TALLAHASSEE — Graduate Assistants United strongly criticizes Florida State University’s substandard benefits proposals for graduate assistants during ongoing contract negotiations and will seek improved benefits at a bargaining session Thursday. Graduate assistants teach about 30 percent of Florida State University’s undergraduate courses, and FSU’s poor treatment of these key employees could affect the university’s rankings and leadership position.
FSU has offered pay and benefit levels significantly lower than those offered by the University of Florida (UF) and the University of South Florida (USF), which will pay around $1,500 more for the 2018-2019 academic year and provide more affordable insurance coverage. In addition, FSU cut dependent health insurance coverage in 2016-2017 and now refuses to include this option in the graduate assistant employment contract.
“The university is at a critical juncture,” said FSU-GAU President Adela Ghadimi. “The average graduate assistant at FSU is already living below the federal poverty level – that is before paying high insurance premiums and fee increases. It is our hope that FSU President John Thrasher and the Board of Trustees will take a hard look at what this means for the future of FSU.”
In a recent proposal for the upcoming academic year, FSU offered graduate assistants a minimum stipend of $14,500 for an academic-year appointment and a 1 percent competitive pay adjustment. For the same appointment, UF will pay graduate assistants a $16,000 minimum stipend, with a $225 raise effective Jan. 1. USF will pay doctoral graduate assistants a minimum $16,080.
In the same proposal, FSU asked that domestic graduate assistants pay $639 in annual health insurance premiums. In contrast, UF graduate assistants will pay $120, while USF graduate assistants will pay nothing.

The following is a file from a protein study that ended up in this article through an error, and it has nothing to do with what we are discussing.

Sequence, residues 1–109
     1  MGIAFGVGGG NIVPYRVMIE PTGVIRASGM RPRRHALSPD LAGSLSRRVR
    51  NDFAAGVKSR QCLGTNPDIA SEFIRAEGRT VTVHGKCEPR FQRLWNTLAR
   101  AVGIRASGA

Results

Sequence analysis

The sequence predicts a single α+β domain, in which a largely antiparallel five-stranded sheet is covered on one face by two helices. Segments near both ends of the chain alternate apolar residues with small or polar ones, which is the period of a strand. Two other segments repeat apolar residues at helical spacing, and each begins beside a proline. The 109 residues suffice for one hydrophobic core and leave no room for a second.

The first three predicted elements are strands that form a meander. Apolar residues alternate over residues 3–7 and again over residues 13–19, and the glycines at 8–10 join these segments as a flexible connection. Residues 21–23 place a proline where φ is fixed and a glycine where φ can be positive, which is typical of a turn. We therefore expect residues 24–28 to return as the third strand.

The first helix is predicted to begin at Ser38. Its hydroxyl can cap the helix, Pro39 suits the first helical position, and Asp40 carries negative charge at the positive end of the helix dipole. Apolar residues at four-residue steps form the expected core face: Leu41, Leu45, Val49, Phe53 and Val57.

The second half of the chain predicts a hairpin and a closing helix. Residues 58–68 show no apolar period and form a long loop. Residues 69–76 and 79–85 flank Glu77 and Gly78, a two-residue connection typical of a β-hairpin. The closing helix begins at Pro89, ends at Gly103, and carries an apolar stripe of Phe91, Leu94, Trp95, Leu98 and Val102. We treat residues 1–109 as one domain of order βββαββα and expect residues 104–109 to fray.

Meanwhile, FSU has consistently refused to include a dependent coverage option in graduate assistant contracts. Dependent coverage is a basic benefit offered to employees across the nation. FSU graduate assistants have struggled to find coverage after the university cut this important benefit.
“FSU’s unexpected and unilateral removal of dependent coverage has caused significant harm to graduate assistants at FSU — some have had to leave the university, while others struggle to stay afloat,” said Ghadimi. “As employees of the university, we need FSU to eliminate this unnecessary hardship.”
Despite a 4.6 percent increase in FSU’s total budget for the coming year — a higher percentage than UF or USF — FSU’s bargaining team has claimed the university has insufficient resources.
“FSU claims it wants to increase its ranking and prioritize research, all while recruiting and retaining the best and brightest,” said Ghadimi. “However, instead of offering pay and benefits that match levels from similar universities, FSU is neglecting one of its largest bodies of employees.”
GAU will seek improved benefits at the next bargaining session, Thursday, July 26. The session is open to the public and will be 2-5 p.m. at the FSU Training Center, 493 Stadium Drive, Tallahassee. Media representatives are welcome to attend.
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UFF-FSU-GAU is the affiliate of the United Faculty of Florida and Florida Education Association representing Florida State University’s graduate assistants. Founded in 2008, FSU-GAU works to improve working conditions for graduate assistants at the university. The organization represents about 3,000 individuals working to support themselves through teaching or research while earning advanced degrees. To learn more, go to: http://fsugau.org/7.25.18 news release - UFF-FSU-GAU - final